A press report from Hanoi, the Vietnamese capital, notes that the legendary General Vi Nguyen Giap, one of the most eminent figures in Vietnamese history and a great friend of Cuba and revolutionary causes, died at the age of 102 on October 4.
Ge Luo means Volcano under the Snow; the name given by his compatriots to this exceptional man, who defeated the Japanese, then the French at Dien Bien Phu and, decades later, forced the U.S. army to flee from Saigon, thus completing the reunification of Vietnam.
A life linked to the struggle for national liberation
His life is indissolubly linked to the struggle for national liberation, to the history of the training, growth and development of the Vietnam People’s Army. For his victories the French themselves nicknamed him the Red Napoleon.
Vo Nguyen Giap was one of so many sons and daughters of campesinos who became figures thanks to socialism, not without much personal sacrifice. In 1926 he became a member of student organizations involved in the underground struggle. He joined the Indochinese Communist Party (ICP) and quickly grew close Ho Chi Minh, a personal friend.
At the end of 1941, Giap left for the Vietnamese mountains in order to create the first guerrilla groups. There he established an alliance with Chu Van Tan, the leader of Tho, one of the fighting formations created by a national minority in northeast Vietnam. At Christmas 1944 he captured a French military post, after having trained the first battalions of his armed forces.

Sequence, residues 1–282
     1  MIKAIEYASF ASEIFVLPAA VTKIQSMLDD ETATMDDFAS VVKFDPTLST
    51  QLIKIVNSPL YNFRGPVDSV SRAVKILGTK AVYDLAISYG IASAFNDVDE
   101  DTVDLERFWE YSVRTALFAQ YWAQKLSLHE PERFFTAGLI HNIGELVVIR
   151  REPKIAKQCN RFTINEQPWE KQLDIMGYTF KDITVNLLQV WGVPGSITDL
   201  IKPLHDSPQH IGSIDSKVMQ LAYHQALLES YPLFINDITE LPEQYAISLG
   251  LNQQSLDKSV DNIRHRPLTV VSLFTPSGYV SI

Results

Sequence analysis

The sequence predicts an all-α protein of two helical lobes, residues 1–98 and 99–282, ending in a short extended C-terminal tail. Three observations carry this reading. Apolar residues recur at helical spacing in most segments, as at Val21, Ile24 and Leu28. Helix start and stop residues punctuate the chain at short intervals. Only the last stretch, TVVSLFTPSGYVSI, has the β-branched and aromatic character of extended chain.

By the middle of 1945 he already had 10,000 men under his command, and could move onto the offensive against the Japanese, who had invaded the country.
The French police arrested his wife and sister-in-law, using them as hostages to put pressure on Giap and force him to surrender. The repression was ferocious: his sister-in-law was guillotined and his wife sentenced to life imprisonment. She died in prison after three years as a result of torture. The French also killed his newborn son, his father, his two sisters and other family members.
The first great victory of a colonized and feudal people
But Giap was resolute. He defeated the French during the Dien Bien Phu campaign, which was the first great victory of a colonized and feudal people, with a primitive agricultural economy, against an experienced imperialist army sustained by a vigorous and modern military industry. The most eminent French generals (Leclerc, De Lattre de Tasigny, Juin, Ely, Sulan, Naverre) failed one after the other facing troops who were poor campesinos, but determined to fight to the death for their country and for socialism. Vietnam was divided and Giap was appointed Minister of Defense of the new government of North Vietnam which, while the people’s war continued, made every effort to build a new socialist society.
As the Commander of the new people’s army, Giap led the struggle in the Vietnam War against the U.S. invaders in the south of the country, a struggle which, once again, began as a guerilla war. The first U.S. soldiers died in Vietnam when, on July 8, 1959, the Vietcong attacked a military base at Bien Hoa, northeast of Saigon.